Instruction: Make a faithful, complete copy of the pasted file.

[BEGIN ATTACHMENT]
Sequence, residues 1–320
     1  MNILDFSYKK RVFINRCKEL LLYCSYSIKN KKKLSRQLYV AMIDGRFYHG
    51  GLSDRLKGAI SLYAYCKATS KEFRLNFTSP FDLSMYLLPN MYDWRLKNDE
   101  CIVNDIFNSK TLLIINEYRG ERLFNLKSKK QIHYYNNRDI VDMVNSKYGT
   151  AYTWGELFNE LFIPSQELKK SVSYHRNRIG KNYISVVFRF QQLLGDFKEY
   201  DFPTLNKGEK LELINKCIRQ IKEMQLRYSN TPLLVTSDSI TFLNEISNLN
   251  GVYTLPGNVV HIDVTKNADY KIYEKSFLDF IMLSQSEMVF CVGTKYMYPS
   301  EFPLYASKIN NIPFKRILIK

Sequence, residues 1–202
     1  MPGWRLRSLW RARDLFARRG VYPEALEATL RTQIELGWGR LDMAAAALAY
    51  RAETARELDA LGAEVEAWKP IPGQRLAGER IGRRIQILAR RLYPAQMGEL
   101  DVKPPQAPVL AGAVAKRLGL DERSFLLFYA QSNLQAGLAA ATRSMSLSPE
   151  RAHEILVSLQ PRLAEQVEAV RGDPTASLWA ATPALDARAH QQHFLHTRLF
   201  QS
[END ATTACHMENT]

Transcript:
Sequence, residues 1–320
     1  MNILDFSYKK RVFINRCKEL LLYCSYSIKN KKKLSRQLYV AMIDGRFYHG
    51  GLSDRLKGAI SLYAYCKATS KEFRLNFTSP FDLSMYLLPN MYDWRLKNDE
   101  CIVNDIFNSK TLLIINEYRG ERLFNLKSKK QIHYYNNRDI VDMVNSKYGT
   151  AYTWGELFNE LFIPSQELKK SVSYHRNRIG KNYISVVFRF QQLLGDFKEY
   201  DFPTLNKGEK LELINKCIRQ IKEMQLRYSN TPLLVTSDSI TFLNEISNLN
   251  GVYTLPGNVV HIDVTKNADY KIYEKSFLDF IMLSQSEMVF CVGTKYMYPS
   301  EFPLYASKIN NIPFKRILIK

Sequence, residues 1–202
     1  MPGWRLRSLW RARDLFARRG VYPEALEATL RTQIELGWGR LDMAAAALAY
    51  RAETARELDA LGAEVEAWKP IPGQRLAGER IGRRIQILAR RLYPAQMGEL
   101  DVKPPQAPVL AGAVAKRLGL DERSFLLFYA QSNLQAGLAA ATRSMSLSPE
   151  RAHEILVSLQ PRLAEQVEAV RGDPTASLWA ATPALDARAH QQHFLHTRLF
   201  QS